Spicy cold noodle - you said it all. It's spicy; it's cold; and it's a noodle dish. Wait, there's one more. This spicy cold noodle (bibim nengmyun) is really really good. Every time I go to a non-barbecue Korean restaurant, I always order this one. Maybe it's addicting. I always regret ordering something else if I do. Note this dish is also eaten as a dessert after a good meal of galbi in Korea. That is just too much of an indulgence I would say. I wonder if people do that because of the same feeling that I have when I eat something else - regret that it wasn't the spicy cold noodle! In summer time, please try this dish at a Korean restaurant. If you do not like spicy food, get the soupy one called mool nengmyun, meaning cold noodle in chilled beef broth with a bunch of yummy goodies thrown on top such as beef strips, pear, pickled dikon radish slices and more.
8. Korean fried chicken
This is a modernly developed dish. Or maybe there was a region in Korea where fried chicken with their own special Korean sauce was popularly enjoyed. Nationally, it was not until the 80's when this Korean fried chicken (KFC?) gained its popularity through chain stores and delivery services at night. They have several different sauces applied to the thinly fried chicken pieces including sweet and spicy (most popular), sweet and soy sauce flavored and more. In big cities in the United States such as New York and Los Angeles, the most popular franchises of Korean fried chicken opened their stores and heard they are doing very well. Google Kochon, Bonchon or BBQ Chicken Korea. My favorite part is that they come with sweet pickled dikon radish cubes.
Every Korean kid lives and dies for Ddeokbokki (Tteokbokki, I know - the inconsistency in spelling). For that reason, every school in Korea has a Ddeokbokki joint in front of it and a massive influx of students raid those places after school. Interestingly, some kids may not love their mom cooked Ddeokbokki as the street and less nutritious versions may have won over their heart since young and been defined as comfort food. As for non-Koreans, some people love it some do not care for it - after all it's just some rice sticks with spicy sauce on it. Perhaps, the right place to be introduced to this dish is the streets of Korean cities as this is the most popular street food in Korea.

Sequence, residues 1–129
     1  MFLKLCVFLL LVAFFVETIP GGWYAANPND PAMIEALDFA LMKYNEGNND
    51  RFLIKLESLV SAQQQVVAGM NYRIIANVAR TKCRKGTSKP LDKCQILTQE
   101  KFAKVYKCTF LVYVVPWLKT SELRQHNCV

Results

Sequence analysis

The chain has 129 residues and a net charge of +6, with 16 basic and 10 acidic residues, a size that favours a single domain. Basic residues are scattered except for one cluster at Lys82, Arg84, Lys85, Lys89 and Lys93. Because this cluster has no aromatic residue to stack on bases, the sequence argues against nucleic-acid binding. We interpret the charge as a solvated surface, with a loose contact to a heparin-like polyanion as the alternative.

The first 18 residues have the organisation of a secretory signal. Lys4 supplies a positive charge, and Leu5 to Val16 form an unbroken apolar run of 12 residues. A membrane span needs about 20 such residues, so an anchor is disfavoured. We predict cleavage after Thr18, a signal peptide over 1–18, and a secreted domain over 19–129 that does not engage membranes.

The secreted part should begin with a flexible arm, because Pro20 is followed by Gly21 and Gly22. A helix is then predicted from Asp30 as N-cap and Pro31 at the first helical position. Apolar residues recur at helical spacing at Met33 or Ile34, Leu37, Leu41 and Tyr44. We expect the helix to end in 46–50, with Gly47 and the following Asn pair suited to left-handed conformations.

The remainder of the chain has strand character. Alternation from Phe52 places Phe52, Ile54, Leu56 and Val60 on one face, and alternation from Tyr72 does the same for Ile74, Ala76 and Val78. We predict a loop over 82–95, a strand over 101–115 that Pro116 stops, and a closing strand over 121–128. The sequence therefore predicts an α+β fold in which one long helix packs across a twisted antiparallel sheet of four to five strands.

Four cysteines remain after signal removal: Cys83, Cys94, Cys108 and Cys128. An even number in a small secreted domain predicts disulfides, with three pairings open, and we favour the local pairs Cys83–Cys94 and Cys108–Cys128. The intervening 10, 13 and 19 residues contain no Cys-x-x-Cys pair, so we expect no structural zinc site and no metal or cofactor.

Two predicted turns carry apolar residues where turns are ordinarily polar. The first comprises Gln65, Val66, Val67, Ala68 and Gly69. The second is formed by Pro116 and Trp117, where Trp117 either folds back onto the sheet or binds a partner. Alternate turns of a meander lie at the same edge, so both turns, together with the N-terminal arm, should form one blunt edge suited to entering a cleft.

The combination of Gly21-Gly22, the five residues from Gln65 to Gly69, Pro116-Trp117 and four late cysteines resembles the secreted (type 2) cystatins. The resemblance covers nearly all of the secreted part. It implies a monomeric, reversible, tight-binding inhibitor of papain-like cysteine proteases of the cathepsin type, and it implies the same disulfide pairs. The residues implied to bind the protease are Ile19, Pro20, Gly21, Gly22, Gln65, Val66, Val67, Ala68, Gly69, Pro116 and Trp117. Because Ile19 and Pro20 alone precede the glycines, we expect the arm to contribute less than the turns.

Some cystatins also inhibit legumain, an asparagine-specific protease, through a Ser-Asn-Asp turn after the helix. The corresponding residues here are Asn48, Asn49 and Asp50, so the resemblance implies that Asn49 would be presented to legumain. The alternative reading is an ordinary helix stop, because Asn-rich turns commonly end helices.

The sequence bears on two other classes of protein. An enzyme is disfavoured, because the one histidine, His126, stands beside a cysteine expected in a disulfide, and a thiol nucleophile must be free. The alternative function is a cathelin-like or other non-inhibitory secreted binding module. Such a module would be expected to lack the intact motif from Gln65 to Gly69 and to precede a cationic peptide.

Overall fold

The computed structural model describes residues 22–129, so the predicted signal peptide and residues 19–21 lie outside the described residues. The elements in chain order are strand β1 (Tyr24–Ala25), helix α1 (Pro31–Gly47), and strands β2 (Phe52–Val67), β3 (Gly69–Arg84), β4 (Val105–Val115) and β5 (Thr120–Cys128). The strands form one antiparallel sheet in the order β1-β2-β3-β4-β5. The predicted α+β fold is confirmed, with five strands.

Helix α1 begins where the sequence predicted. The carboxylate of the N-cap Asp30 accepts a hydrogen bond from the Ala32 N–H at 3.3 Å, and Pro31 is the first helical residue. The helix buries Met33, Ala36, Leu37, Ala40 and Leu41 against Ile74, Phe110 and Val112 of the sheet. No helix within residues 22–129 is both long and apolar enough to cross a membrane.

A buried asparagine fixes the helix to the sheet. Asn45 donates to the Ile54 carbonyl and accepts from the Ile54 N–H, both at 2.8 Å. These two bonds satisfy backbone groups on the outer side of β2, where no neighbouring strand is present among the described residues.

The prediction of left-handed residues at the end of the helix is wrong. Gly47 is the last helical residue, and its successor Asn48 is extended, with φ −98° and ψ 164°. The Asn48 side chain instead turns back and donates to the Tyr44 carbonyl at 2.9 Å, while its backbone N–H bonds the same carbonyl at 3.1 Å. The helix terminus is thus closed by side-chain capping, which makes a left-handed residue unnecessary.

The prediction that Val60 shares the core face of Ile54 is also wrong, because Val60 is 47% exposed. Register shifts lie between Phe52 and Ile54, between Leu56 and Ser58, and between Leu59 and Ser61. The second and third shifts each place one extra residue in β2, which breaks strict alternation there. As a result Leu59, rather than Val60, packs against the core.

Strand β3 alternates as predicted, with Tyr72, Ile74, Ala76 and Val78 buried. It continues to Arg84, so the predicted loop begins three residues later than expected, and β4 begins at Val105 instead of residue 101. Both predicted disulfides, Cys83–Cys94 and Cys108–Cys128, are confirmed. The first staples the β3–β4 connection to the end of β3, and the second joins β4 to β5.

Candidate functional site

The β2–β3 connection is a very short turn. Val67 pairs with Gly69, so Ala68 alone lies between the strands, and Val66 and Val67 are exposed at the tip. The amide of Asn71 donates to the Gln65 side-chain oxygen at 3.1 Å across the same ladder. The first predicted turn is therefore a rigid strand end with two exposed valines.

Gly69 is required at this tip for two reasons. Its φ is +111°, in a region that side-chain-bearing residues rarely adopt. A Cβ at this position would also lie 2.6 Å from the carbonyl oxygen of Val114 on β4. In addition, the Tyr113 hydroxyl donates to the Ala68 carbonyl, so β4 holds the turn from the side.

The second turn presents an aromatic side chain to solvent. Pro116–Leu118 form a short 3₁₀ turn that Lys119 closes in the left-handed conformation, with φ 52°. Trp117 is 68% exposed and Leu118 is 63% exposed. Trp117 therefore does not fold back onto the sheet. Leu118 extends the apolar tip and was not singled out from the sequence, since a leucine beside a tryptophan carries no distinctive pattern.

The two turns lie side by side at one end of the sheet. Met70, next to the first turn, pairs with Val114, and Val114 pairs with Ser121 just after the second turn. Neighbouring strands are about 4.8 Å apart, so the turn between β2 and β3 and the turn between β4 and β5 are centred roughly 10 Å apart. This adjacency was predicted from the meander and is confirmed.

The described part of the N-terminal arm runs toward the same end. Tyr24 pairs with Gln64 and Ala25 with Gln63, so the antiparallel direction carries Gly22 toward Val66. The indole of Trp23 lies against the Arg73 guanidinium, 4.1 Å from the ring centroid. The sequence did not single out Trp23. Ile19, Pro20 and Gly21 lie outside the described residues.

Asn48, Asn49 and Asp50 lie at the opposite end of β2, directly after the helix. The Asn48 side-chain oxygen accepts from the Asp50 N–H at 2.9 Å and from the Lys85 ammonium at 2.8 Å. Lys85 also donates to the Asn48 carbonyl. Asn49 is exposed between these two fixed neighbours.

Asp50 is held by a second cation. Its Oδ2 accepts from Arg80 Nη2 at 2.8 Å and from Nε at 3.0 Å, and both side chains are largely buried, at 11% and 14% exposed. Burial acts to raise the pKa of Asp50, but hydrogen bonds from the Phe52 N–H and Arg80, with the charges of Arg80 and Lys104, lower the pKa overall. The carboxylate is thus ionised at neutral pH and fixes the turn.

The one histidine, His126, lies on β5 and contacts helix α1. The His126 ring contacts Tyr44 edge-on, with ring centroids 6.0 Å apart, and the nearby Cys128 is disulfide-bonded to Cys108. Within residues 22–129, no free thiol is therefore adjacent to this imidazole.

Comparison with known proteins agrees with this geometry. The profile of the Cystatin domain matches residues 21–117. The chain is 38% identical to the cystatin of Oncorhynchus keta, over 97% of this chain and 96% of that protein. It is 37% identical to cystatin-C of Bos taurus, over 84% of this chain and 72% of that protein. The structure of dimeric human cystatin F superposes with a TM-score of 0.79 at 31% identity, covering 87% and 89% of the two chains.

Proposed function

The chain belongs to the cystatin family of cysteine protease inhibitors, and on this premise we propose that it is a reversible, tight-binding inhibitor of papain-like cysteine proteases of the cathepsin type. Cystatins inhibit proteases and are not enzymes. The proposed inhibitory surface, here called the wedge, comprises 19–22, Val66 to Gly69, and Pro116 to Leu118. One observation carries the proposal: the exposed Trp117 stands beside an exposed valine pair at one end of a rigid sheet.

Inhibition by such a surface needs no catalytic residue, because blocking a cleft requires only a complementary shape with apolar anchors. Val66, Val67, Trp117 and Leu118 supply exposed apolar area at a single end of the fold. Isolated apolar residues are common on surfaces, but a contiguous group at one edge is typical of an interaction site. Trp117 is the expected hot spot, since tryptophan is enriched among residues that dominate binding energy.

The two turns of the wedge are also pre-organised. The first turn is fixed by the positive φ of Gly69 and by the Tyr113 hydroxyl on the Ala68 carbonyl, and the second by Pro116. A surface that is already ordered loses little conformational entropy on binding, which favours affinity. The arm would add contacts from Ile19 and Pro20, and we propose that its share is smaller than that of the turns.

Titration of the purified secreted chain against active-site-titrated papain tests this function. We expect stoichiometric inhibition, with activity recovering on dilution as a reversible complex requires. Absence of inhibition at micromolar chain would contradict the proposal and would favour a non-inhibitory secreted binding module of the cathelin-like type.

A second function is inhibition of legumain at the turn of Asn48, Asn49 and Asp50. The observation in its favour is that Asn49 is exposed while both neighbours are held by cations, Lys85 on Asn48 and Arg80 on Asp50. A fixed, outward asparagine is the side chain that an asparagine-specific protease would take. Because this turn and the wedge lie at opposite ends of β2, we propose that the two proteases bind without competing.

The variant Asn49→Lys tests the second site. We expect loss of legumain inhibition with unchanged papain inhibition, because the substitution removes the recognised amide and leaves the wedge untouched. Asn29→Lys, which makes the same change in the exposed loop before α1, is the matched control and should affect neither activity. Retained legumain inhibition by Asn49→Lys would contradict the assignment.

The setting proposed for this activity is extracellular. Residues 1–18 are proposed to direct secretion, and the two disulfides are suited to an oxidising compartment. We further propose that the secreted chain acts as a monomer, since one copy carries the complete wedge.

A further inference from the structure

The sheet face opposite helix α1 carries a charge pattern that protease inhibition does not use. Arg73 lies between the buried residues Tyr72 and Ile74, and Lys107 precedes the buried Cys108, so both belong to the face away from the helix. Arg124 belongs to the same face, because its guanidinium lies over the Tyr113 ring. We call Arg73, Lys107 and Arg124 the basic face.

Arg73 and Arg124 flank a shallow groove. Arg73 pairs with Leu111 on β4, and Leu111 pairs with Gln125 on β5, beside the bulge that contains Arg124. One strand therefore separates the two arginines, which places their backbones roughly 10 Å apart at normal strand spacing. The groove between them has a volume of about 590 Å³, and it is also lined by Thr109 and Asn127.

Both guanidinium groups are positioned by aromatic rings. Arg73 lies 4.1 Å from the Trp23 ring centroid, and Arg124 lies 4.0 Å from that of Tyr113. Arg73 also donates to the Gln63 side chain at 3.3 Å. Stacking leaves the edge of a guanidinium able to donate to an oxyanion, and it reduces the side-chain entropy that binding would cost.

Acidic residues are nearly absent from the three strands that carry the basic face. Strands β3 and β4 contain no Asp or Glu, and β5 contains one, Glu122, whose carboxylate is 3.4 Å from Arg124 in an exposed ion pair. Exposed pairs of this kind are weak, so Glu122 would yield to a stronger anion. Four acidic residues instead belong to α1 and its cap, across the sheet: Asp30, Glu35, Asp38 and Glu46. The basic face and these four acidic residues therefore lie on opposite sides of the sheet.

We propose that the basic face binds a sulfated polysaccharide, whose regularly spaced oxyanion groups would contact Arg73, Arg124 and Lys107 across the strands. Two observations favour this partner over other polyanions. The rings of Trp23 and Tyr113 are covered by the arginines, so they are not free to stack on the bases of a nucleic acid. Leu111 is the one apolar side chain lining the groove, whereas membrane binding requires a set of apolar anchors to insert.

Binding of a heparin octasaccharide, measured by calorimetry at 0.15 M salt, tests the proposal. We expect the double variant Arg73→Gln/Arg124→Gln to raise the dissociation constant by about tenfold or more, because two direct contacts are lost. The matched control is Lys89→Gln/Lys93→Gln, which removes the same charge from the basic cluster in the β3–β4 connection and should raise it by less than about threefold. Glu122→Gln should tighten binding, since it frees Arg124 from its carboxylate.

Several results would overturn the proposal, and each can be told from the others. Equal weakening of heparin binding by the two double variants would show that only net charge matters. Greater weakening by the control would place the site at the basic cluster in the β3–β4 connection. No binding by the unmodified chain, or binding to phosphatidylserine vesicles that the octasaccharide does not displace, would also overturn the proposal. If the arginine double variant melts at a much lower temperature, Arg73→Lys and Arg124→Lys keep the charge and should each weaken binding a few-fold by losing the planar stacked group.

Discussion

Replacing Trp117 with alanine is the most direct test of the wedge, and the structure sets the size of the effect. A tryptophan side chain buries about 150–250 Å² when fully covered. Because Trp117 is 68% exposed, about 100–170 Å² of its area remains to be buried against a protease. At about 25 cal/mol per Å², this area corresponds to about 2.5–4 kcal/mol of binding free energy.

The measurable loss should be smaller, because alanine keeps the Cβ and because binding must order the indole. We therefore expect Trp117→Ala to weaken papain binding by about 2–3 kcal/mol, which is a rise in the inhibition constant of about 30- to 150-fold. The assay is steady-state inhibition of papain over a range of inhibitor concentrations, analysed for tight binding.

Finally, we come to this - bibimbap. Didn't Tyra Banks say something about bibimbap? World's next top food? I tend of agree with that statement because of nutritional values in this dish. This dish just has everything one can crave for - meat, egg, vegetables, rice and spice. It's the winner dish for the most nutritious and tasty of all time. My grand father has eaten bibimbap for dinner everyday for about 15 years and lived until he was near 90. (Disclaimer: no proven connection or correlation with longevity and bibimbap.)
That's all folks. I hope you have or will have tried those top 10 most popular Korean dishes above.
Sunday, May 22, 2011
Bergerville has three signature burgers - Tilamook Cheese Burger, Bacon Pepper Burger and Double Colossal Burger. They also offer seasonal side dish items such as fried portobello mushrooms in spring and fried Yakima Valley asparagus in summer. My favorite menu is the Double Colossal Burger. It's got the perfect level of juiciness and lots of Tilamook cheese. Tilamook cheese is native to Tilamook, Oregon located in Willamette Valley about half hour from the Oregon Coast. This place allows visitors to tour inside the factory and people can sample and purchase their cheese and ice cream, Tilamook's top two products.
So tonight I ordered a Bacon Pepper Burger and realized that I had a different expectation of this item. I thought this burger would include some hot pepper or grilled bell peppers all meshed up with their cheese, but it turned out the pepper meant "black pepper." This burger was still really good but the later half after the realization was much better perhaps because I let myself get in the way of interpreting a great burger for what I see through my own colored glasses of a certain set of expectations. I took out a bacon from the burger and it had crushed black peppers all over it. It made me happy that they use crushed instead of regular processed black pepper powder.
Burgers go way back in my childhood. Perhaps in modern days, every Asian kid in an Asian country growing up obsessed with eating burgers and fries compares to American kids' fascination for sushi and Chinese food that these foods coexist as comfort food years later for grown ups. Or maybe it's never too late to find a new comfort food as my old fashioned Korean father used to always call me out to his favorite restaurant - Jack in the Box. Really?